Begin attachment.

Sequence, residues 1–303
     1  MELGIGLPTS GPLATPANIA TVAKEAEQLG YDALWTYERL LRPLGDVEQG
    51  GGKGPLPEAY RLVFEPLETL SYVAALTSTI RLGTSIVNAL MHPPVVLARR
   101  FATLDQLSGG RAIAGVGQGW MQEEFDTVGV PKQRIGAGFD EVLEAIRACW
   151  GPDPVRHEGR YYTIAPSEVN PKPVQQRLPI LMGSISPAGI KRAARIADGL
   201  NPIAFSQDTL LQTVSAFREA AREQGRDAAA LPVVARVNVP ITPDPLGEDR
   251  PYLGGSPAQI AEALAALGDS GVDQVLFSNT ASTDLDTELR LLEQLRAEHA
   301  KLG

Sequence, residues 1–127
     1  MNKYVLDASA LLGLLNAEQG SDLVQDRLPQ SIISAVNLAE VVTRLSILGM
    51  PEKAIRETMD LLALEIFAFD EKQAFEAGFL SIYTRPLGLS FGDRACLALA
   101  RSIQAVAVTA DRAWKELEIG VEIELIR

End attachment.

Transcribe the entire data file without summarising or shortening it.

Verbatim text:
Sequence, residues 1–303
     1  MELGIGLPTS GPLATPANIA TVAKEAEQLG YDALWTYERL LRPLGDVEQG
    51  GGKGPLPEAY RLVFEPLETL SYVAALTSTI RLGTSIVNAL MHPPVVLARR
   101  FATLDQLSGG RAIAGVGQGW MQEEFDTVGV PKQRIGAGFD EVLEAIRACW
   151  GPDPVRHEGR YYTIAPSEVN PKPVQQRLPI LMGSISPAGI KRAARIADGL
   201  NPIAFSQDTL LQTVSAFREA AREQGRDAAA LPVVARVNVP ITPDPLGEDR
   251  PYLGGSPAQI AEALAALGDS GVDQVLFSNT ASTDLDTELR LLEQLRAEHA
   301  KLG

Sequence, residues 1–127
     1  MNKYVLDASA LLGLLNAEQG SDLVQDRLPQ SIISAVNLAE VVTRLSILGM
    51  PEKAIRETMD LLALEIFAFD EKQAFEAGFL SIYTRPLGLS FGDRACLALA
   101  RSIQAVAVTA DRAWKELEIG VEIELIR